I just got off a consulting call where we talked all about how to buy out of state, and I get asked about how I research and my techniques for this often, so I thought I would finally share them with you here. Here’s the story of how I bought my first house in St. Louis:
Why St. Louis?
It was 2015, my bestie from High School had moved to St. Louis 5 years earlier and had been raving about it ever since. My mother had passed away the previous fall and I was finally feeling ready to get out of town and see some people close to my heart. I called her up and she said, “Great, because we are getting married! Come in June.”
I went out there for the wedding, which consisted of one day running errands around St Louis and then 3 more in the countryside, enjoying the beauty of a nearby State Park. At the reception, during the usual, “what do you dos”, I shared that I had been running a couple Airbnbs in Boulder and that had become my Full-Time gig. People loved the topic and beginning telling me how their friends were doing it locally and were successful with it. They also began to tell me how affordable their homes were. I knew my friend paid low rent ($400 to rent a room in a shared apartment), but they were telling me that they had $300/mo. mortgages on 3 bedroom homes with front and back yards! What?!?
Coming from Boulder, where you couldn’t find a dinky apartment under 200K (at the time, 300+ now), that was a revelation. During all the wedding chit chat, my wheels starting turning and I began collecting contacts. I decided right there and then that I would come back and buy a house!
Another bonus that happened for me on that Wedding camping trip, was that I met my amazing, life saving handyman! He was just another wedding guest and a really cool guy. You never know who you will meet having a drink around a campfire.
Research (once I got back home)
Interviewing Other Hosts
I collected a contact from a friend of a friend who was open to talk about her Airbnb and called her up. She told me how they were renting just a room in their house by Washington University and it was covering their rent (they didn’t own). I asked her about her rates, demand, type of renters (why people were coming to town) and what parts of town she thought would make good rentals.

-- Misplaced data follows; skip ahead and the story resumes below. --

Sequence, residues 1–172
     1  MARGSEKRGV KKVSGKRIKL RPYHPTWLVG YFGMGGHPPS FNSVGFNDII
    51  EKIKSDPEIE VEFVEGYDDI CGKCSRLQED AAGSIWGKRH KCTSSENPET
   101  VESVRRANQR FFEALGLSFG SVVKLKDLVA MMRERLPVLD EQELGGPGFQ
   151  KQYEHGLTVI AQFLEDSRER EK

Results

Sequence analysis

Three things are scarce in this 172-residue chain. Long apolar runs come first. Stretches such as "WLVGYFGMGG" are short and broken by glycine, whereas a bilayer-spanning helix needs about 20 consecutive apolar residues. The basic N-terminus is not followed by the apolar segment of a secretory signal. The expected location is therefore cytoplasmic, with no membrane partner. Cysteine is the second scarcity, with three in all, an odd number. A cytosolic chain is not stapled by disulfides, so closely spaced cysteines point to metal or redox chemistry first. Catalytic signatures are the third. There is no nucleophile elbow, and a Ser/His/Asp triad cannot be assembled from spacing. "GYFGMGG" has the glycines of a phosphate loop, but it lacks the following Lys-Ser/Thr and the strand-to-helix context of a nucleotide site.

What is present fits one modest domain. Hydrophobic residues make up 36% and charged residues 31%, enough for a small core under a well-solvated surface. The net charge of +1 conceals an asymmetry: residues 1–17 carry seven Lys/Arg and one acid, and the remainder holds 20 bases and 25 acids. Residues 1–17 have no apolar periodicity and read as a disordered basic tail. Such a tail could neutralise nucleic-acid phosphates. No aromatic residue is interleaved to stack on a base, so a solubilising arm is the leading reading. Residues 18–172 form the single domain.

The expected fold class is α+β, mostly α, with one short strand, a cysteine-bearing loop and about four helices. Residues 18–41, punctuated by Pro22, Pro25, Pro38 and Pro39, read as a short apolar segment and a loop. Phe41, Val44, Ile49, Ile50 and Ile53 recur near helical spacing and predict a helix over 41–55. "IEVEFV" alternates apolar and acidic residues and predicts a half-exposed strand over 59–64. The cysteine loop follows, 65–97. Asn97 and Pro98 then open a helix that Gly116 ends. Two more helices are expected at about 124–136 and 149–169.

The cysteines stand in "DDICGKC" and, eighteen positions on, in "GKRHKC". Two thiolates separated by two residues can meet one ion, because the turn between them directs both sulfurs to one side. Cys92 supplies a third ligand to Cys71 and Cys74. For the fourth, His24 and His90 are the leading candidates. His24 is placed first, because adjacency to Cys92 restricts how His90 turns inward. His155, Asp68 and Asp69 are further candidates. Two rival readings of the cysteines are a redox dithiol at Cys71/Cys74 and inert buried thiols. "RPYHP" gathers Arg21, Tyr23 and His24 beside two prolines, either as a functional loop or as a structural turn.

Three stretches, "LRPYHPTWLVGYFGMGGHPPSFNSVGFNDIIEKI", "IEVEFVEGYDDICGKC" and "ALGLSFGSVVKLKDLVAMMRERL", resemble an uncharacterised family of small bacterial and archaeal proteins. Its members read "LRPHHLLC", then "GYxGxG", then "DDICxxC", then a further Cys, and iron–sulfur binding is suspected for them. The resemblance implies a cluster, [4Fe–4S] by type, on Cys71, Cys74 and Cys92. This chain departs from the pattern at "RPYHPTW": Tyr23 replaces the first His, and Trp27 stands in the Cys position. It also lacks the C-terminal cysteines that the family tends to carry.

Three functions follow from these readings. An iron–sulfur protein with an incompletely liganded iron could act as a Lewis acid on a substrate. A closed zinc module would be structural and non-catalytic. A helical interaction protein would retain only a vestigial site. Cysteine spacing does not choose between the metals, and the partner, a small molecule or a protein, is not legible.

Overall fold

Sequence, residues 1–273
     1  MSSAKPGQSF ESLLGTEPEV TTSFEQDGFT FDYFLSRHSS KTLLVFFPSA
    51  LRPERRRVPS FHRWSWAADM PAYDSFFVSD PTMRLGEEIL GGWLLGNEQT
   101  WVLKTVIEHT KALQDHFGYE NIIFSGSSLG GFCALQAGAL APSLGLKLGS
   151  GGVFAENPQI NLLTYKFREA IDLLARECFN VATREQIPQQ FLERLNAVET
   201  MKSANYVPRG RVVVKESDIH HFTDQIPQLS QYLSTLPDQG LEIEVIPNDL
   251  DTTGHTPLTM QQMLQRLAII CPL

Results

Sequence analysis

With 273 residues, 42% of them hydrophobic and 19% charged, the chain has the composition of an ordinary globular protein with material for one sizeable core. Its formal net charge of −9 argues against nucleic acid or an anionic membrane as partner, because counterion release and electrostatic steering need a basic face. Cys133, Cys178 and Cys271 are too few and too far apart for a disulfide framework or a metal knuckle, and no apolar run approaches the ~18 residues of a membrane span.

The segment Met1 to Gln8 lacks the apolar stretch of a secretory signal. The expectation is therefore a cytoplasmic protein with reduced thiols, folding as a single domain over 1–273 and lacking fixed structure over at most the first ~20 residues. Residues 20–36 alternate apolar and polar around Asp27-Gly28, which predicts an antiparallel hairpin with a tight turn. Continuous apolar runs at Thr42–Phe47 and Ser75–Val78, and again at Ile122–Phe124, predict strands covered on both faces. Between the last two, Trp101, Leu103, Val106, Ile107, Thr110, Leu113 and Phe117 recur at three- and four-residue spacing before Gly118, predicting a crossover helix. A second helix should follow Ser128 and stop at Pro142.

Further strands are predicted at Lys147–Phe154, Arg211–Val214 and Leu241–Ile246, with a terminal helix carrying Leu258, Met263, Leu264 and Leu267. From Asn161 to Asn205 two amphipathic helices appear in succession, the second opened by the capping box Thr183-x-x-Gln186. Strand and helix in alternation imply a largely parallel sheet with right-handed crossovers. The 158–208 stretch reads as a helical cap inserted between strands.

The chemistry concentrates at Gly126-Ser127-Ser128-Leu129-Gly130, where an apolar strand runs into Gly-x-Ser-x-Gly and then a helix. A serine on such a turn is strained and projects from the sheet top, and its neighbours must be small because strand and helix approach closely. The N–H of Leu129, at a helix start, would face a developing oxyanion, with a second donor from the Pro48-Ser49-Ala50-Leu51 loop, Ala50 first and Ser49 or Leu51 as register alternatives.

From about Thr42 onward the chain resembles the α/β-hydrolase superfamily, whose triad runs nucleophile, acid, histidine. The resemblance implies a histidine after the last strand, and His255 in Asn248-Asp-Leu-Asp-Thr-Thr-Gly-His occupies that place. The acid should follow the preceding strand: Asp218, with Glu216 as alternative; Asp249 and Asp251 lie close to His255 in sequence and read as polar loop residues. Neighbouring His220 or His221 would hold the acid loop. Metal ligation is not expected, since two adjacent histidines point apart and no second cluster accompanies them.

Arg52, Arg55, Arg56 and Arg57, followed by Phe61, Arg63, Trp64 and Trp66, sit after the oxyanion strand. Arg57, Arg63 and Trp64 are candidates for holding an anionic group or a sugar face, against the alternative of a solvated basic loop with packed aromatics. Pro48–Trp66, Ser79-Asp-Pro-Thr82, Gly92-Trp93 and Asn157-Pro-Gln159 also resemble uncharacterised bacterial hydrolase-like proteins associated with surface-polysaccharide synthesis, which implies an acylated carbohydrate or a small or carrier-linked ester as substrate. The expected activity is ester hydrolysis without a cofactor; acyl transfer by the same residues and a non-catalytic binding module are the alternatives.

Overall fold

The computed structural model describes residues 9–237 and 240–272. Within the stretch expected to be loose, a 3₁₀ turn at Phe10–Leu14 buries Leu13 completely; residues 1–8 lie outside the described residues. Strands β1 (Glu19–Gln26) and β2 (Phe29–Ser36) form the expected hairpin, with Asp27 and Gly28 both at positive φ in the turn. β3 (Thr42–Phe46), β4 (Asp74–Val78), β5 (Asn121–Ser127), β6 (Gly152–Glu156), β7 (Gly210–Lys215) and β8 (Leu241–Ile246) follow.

2. Scoping out Neighborhoods
I took her recommendations and asked a few other friends. From there I researched the neighborhoods online and found that a lot of them had little local websites. They told me a little bit about the area, I learned the outlines, and looked at crime maps on Trulia.
*St Louis is a complicated town and it changes a lot street by street, so I found I really had to study what areas worked, what others didn’t, and where their boundaries were.
3. Checking out listings
Next I started scanning Redfin.com, my favorite MLS-like website. I find it is closest to the true information on the MLS, clean and easy to read, plus it gives a lot of excellent extras like school ratings and walkscores. I began looking for homes for sale in the neighborhoods I had mapped out. I knew I wanted something already fixed up and ready to rent, because my intention was not to do any work on the place; it was just to arrive, get it furnished and get rolling!